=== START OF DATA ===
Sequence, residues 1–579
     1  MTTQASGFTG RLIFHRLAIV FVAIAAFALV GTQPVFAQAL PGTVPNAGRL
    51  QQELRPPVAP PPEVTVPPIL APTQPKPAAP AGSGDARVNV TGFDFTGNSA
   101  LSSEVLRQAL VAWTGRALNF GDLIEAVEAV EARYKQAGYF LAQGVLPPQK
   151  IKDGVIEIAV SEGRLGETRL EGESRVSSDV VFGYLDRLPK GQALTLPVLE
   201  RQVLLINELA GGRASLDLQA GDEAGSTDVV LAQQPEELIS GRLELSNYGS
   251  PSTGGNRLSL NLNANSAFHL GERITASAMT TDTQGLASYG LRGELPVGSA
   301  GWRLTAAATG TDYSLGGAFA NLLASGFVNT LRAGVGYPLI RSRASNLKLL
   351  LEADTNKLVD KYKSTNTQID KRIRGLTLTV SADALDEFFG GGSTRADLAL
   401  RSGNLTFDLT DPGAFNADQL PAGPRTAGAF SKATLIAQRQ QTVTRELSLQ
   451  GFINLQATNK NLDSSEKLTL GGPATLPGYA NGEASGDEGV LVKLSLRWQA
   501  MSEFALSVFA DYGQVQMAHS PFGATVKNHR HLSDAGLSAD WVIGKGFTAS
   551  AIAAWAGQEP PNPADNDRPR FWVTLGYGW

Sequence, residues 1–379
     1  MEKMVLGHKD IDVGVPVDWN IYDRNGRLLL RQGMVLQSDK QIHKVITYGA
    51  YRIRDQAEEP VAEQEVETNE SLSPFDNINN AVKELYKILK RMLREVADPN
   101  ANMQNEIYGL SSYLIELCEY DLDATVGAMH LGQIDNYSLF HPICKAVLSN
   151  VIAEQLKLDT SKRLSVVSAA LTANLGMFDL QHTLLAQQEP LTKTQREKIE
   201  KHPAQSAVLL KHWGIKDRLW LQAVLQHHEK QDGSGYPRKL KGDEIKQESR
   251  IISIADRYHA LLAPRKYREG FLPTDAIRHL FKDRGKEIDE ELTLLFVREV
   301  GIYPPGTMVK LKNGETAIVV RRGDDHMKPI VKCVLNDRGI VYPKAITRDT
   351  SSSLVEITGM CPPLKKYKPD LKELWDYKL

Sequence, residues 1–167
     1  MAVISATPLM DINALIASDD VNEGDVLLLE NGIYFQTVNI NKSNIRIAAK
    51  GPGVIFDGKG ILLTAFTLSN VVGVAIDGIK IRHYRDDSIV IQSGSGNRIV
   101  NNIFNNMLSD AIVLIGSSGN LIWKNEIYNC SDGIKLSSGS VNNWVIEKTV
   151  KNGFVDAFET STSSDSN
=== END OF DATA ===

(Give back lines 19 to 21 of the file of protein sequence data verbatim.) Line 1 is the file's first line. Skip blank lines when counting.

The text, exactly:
   201  KHPAQSAVLL KHWGIKDRLW LQAVLQHHEK QDGSGYPRKL KGDEIKQESR
   251  IISIADRYHA LLAPRKYREG FLPTDAIRHL FKDRGKEIDE ELTLLFVREV
   301  GIYPPGTMVK LKNGETAIVV RRGDDHMKPI VKCVLNDRGI VYPKAITRDT